Regardless of the grinder you purchase, it is imperative that you inspect the wheels before using them. Look for loose sections or cracks, as damaged wheels can come apart at speed and cause injury. You’ll also need to ‘prepare’ the wheel using a dressing tool. Wheels can be out of round, vary in their side-to-side thickness, and vary in their densities. Unbalanced wheels put greater stress on motor bearings, increase wheel vibration, and more importantly, make it very difficult to achieve a fine edge on your tools. Dressing the wheel after it is mounted to the grinder will remove much of the eccentricity in the wheel, leaving it true to the center of the arbour. Additionally it will, when used properly, leave the surface of the wheel flat across its width. To obtain the maximum in wheel balance install the Oneway Precision Balancing System, which uses gravity to rectify inconsistent weight distribution in wheels.
And of course you’ll have to use the wheel dresser on a regular basis to remove the glaze that will invariably build up over time. Surprisingly, not all grinders come with a wheel dresser. The dressers for the Steel City 15420 and Delta GR450 are cleverly stored on the back of the grinder, where they are likely to be easily found, unlike so many of those little tool accessories that inhabit our shops.
There are a lot of factors that go into the production of grinding wheels. Manufacturers have to consider, among other things, the hardness or softness of the material being ground, the area of grinding contact (size of the surface being ground and diameter of the grinding wheel), the amount of material that is to be removed, the smoothness of the finish, and the speed of rotation.
Basically, grinding wheels consist of a mixture of abrasive grains in various sizes, which do the actual cutting, and a bonding agent that holds the grains together while they cut. The grade of a wheel is determined in part by this grain-to-bond ratio, the size of the grains, and their density (grain spacing). Like cookie makers, each manufacturer has its own recipe, and they vary the recipe depending on the kind of grinding the wheel will be doing. A ‘soft’ bond is designed so that the grains fracture (break off) easily and works best on harder metals, while in a ‘hard’ bond the grains require more force to break off, and work best on softer metals. Grit size refers to the actual size of the abrasive grains. A coarse 36 grit wheel is best used for quick removal of material where the surface finish isn’t important. A finer 120 grit is more appropriate when you want a smoother finished surface.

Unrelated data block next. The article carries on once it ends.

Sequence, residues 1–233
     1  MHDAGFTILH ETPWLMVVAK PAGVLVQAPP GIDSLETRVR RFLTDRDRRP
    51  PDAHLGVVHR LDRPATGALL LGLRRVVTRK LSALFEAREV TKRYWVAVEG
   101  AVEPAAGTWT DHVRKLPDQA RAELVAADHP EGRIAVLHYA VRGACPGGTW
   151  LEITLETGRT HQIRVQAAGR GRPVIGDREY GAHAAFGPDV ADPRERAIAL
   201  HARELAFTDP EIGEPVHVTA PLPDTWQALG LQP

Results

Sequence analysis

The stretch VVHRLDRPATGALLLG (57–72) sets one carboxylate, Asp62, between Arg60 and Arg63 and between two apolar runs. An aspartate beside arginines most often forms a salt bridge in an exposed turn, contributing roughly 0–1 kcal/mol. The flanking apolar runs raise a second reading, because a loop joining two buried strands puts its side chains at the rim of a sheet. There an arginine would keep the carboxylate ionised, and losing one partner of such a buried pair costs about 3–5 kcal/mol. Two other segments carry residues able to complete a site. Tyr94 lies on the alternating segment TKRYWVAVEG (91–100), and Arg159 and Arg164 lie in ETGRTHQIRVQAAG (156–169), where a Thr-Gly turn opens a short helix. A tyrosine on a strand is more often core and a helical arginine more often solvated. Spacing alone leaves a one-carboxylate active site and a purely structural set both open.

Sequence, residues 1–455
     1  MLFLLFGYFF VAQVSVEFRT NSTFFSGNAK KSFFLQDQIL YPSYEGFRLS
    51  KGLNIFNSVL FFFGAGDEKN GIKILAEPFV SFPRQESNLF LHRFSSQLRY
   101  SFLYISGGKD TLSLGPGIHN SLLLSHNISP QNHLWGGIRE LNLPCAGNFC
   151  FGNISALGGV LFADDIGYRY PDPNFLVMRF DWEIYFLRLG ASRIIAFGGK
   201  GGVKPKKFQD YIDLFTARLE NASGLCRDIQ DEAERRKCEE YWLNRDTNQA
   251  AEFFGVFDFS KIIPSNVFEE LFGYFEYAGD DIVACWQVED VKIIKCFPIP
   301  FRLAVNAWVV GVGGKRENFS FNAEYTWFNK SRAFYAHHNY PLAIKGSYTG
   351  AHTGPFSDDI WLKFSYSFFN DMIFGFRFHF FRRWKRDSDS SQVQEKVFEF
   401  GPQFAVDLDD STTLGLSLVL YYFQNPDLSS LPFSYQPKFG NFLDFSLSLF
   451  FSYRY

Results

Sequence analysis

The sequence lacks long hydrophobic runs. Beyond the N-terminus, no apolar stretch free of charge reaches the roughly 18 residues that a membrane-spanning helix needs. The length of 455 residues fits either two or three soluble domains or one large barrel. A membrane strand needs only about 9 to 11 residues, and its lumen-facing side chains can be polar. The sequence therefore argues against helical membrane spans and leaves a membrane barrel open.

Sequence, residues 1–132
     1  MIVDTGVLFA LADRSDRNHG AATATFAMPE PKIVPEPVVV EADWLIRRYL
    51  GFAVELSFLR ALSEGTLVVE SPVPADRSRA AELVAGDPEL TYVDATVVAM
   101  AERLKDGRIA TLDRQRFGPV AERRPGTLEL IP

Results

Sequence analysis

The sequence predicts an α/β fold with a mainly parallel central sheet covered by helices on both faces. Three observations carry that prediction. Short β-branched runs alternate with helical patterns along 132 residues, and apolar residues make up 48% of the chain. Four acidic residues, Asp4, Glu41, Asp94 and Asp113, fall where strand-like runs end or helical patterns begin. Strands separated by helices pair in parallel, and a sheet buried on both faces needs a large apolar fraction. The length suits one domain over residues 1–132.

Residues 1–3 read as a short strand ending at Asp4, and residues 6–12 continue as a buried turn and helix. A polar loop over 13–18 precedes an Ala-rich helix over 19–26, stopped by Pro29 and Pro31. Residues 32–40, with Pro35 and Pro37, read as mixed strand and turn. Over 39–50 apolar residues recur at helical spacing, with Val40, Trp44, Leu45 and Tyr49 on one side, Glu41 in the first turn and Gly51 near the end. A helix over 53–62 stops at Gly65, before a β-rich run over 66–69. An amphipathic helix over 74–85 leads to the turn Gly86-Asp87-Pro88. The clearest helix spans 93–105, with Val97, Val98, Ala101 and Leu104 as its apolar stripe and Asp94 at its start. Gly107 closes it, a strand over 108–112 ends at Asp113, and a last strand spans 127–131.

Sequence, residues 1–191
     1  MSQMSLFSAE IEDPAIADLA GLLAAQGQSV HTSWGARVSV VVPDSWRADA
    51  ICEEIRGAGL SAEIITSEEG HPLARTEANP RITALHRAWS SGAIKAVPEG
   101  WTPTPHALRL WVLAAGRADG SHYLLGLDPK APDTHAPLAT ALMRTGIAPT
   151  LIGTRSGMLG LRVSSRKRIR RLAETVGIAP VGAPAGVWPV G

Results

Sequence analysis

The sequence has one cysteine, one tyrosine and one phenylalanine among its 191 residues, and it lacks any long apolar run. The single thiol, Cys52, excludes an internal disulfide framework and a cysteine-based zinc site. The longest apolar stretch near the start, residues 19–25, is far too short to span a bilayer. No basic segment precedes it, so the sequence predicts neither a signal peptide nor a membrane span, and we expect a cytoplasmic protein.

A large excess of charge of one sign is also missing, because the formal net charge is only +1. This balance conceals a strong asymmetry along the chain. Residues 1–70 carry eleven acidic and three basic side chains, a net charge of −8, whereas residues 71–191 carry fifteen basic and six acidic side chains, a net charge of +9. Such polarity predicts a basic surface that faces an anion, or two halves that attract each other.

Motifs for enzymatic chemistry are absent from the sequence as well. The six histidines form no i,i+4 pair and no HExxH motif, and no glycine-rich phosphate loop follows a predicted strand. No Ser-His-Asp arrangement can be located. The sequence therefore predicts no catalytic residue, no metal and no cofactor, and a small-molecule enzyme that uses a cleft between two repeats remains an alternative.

For grinding bench chisels, plane blades and small carving tools, what you want is a finer grit wheel (80 – 120 grit) with a soft bond. Unfortunately, most grinders come with coarse grit wheels in the 36 – 60 grit range, that have a hard bond. Which is why so many woodworkers upgrade their wheels. Upgrading wheels is comparable to replacing the stock blade included on your table or band saw with a professional model. Premium wheels, such as the Norton 3X ($44.95) or those made by Oneway ($70.35) have an open structure with a soft bond. As the tool is applied to these friable wheels the abrasive surface starts to fracture and small particles break away from the surface. This constantly exposes new cutting edges that are always sharp, and the surface never loads up with the material being ground. Since the tool is constantly exposed to fresh cutting edges, not as much pressure is required during the grind and as a result heat doesn’t build up as quickly. We use the Norton 3X wheels on a low RPM grinder and find the tips of chisels barely warm to the touch after grinding.